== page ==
One notable explosion of color necessary for “Troubadour” was the scene-stealing green suit Izzy creates for Joe at the end of Act One.
“In rehearsals, Susan Booth would say things like, ‘You know, Lex, it would be great if that green suit got applause when Zach walks out in it,’” Liang recalls laughing. “I told her, ‘OK, gauntlet thrown, Susan. Challenge accepted!’ Testing my creativity and our costume shop’s creativity is always the goal. You’re always wanting to give people something they want to see and something they’re surprised to see. The green suit in particular was a challenge from the get-to, primarily because it’s a green suit. How do you make it not look garish but have it be respectful to the aesthetic of Nudie Cohn’s work? The clothes had to tell the story but not stop the show.”
On the opening night of “Troubadour,” Liang, fortified by a couple of glasses of wine, was in the audience, along with everyone else eagerly awaiting the emerald ensemble’s entrance. Says Liang: “The scene is brilliantly written so you’re sitting there as an audience member asking yourself, ‘How awful is this thing going to be?’ It’s a transitional moment for Joe, it’s a release from these repressive chains that have been holding him down, either because of societal expectations or because of his father. It’s also a moment for Izzy to show us his goods, what’s he’s capable of. If we did our job right, that moment in the show should elicit a joyful reaction.”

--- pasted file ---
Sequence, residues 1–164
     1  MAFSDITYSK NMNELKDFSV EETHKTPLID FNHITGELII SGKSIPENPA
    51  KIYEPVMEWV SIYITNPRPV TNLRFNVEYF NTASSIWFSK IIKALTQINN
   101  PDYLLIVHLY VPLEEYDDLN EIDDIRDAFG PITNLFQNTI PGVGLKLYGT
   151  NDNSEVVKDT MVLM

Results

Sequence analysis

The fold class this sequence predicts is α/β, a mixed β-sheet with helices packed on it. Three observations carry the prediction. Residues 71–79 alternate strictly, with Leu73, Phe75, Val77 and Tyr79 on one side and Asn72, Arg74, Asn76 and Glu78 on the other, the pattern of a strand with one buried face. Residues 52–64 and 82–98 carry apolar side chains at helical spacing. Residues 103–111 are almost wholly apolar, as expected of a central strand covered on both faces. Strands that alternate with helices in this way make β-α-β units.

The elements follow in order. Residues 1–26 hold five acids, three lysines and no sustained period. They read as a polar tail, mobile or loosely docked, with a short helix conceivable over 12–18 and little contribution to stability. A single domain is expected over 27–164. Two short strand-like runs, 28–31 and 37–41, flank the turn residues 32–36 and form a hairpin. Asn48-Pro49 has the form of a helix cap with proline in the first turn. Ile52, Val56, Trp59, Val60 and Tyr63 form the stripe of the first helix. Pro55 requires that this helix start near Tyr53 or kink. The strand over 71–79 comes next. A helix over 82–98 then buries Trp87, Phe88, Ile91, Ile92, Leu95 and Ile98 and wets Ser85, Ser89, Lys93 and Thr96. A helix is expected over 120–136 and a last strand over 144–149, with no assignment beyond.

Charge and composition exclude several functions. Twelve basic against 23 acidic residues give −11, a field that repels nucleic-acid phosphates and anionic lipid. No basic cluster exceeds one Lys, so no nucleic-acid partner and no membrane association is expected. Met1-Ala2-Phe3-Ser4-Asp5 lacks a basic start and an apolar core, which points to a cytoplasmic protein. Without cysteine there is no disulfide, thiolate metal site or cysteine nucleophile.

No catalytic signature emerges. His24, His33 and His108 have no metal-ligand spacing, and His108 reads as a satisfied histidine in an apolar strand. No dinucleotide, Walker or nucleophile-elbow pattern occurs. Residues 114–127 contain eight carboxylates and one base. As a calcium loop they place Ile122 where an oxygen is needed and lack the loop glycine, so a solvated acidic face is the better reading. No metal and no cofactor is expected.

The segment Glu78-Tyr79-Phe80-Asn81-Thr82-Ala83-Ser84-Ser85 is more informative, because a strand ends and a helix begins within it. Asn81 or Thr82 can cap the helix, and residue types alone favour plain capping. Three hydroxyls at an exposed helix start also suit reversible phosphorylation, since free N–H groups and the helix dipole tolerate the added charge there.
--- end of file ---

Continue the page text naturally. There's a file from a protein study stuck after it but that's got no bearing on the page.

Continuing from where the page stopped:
The first glimpse of Izzy (and Lex’s) sartorial spectacle occurs early in the musical’s first act when the tenacious tailor sneaks into Joe’s dressing room to present him with an eye-popping electric blue shirt. In rehearsals, when Liang first showed up with the shirt for Zach Seabaugh, the teenager’s initial reaction mirrored his character’s. “When Zach saw the clothes on the hanger, he took a step back and chuckled,” recalls Liang. “But when he tried on the shirt and looked at himself in the mirror, there was this ear-to-ear grin. By the end of the fitting, Zach said, ‘You know, I may need you to dress me for a red carpet at some point.’ When someone wants you to dress them in real life, you know you’ve hit the mark.”
Surveying his far more traditional outfits from the era, Radney Foster’s reaction surprised the costume designer. Says Liang: “Radney was impressed about the authenticity of the costumes, in spite of how boring his character’s clothes are. It was incredibly heartening. Sometimes even when an actor is playing a character who isn’t flashy, they still want to look good in their clothes. But Radney was incredibly supportive and appreciated how historically correct his character looked, even though it’s incredibly humble clothing.”